In preparation for our first trip, which will include 12 meals plus snacks, I’m making a list of food to bring and meals to pre-prepare. It’s so easy to fall into the super yummy, not so healthy habits out there – chips, s’mores, Cup ‘o Noodles – but I want to avoid that as much as possible. Do you guys have any favorite camp recipes to share?

Grilled artichokes

I’ve been eating grilled artichokes almost every night for the past week.¬† I could stay on this trend for awhile. Especially when I’m paring that ‘choke with the best sauce ever! Honestly, these are really easy to make and taste amazing, sauce or not.

The manfriend likes artichokes, but doesn’t understand them. “It’s a lot of work for not a lot of yield,” he says. Spoken like a farmer in the making! No, eating an artichoke will likely not fill you up. But who cares when they taste so good!?

Here’s what you do:

  1. Buy an artichoke. Usually one per person. Try to find artichokes with tight leaves.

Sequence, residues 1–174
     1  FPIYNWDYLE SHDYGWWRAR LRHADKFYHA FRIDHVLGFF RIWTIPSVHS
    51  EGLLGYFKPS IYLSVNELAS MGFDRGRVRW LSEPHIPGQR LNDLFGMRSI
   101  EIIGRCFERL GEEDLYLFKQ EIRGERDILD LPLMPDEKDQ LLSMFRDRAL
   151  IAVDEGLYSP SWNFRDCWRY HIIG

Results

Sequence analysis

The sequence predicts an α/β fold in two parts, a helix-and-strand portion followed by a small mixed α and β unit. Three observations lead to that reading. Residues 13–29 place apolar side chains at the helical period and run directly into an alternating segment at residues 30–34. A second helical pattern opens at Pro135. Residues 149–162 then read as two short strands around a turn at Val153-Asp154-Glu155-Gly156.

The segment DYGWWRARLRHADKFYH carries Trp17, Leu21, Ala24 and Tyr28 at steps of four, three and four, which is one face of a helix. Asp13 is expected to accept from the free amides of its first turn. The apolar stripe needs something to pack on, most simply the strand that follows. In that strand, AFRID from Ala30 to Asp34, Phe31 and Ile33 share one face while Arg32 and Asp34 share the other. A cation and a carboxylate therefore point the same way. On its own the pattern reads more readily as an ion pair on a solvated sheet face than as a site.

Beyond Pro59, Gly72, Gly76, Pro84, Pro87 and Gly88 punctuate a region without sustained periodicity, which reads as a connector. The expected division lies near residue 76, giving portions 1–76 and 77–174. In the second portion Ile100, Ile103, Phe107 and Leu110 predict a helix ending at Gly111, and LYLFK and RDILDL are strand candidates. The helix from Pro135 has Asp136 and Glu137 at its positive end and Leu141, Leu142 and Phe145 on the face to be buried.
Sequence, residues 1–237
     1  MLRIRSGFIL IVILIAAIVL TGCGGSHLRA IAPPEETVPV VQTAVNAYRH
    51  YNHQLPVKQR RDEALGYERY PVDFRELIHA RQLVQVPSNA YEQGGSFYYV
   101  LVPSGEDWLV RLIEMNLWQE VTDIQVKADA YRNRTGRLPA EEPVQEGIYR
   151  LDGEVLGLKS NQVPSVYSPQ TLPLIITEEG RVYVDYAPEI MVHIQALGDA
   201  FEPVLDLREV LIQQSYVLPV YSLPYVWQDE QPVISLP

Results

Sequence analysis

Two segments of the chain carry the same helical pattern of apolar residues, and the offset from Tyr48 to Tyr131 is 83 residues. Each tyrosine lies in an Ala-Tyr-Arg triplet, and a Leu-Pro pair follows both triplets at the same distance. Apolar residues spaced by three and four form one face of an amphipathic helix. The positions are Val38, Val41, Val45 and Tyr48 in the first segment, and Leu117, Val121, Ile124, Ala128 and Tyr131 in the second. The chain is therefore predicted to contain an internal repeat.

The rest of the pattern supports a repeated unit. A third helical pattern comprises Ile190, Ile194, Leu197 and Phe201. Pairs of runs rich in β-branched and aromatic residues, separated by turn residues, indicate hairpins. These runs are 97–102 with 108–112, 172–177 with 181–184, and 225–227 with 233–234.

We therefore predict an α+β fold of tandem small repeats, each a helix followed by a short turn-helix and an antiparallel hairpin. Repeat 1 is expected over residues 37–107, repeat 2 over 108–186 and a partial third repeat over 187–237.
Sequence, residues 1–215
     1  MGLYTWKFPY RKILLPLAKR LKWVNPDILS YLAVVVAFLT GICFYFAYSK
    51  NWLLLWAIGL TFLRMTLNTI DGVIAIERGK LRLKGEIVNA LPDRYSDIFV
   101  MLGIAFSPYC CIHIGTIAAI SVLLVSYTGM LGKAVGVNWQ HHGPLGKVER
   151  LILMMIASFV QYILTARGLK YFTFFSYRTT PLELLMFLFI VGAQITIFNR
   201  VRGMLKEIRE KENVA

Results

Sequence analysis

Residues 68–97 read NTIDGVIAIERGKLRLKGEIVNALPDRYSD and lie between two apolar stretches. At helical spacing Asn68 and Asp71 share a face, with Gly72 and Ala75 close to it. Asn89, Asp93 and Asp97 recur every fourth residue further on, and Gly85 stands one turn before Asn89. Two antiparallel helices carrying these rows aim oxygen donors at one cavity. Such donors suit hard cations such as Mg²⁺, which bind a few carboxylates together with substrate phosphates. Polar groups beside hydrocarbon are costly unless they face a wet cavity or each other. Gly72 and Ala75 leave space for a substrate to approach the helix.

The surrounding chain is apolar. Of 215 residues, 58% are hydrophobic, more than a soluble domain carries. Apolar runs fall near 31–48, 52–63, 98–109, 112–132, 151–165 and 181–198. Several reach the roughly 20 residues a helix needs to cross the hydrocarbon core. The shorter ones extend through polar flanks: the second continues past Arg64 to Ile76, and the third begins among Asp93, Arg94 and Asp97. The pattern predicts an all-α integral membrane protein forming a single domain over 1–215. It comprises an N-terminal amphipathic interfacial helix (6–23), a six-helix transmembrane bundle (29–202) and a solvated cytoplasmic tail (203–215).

2. Cut the bottom stem off so you have a level, flat base for your artichoke.
  3. Fill a pot with about an inch of water and set a steamer basket in there.
  4. Place the artichokes in, put on the top to the pot and let these babies steam (for about 40-50 minutes).
  5. The artichoke is done when you can pull out one of the leaves fairly easily.
  6. At this point, cut the artichokes in half and scrape out the hairy crap (the choke) in the middle making sure not to damage the heart.
  7. Drizzle the outside with olive oil and sprinkle on salt and pepper. Do the same to the inside.
  8. Place on the grill and grill each side for 5-7 minutes.
  9. EAT!

Farm to Table 2011

Man, I just love this concept! What’s more fun than eating on a farm? Eating food from that farm picked hours before, that’s what!

Last year the manfriend and I attended our first farm to table dinner at the Ollin Farms in Longmont and had a blast. So we decided to do it again this year. Same date (no better way to celebrate the Summer Solstice), some of the same people (some new ones), and another great gustatory experience.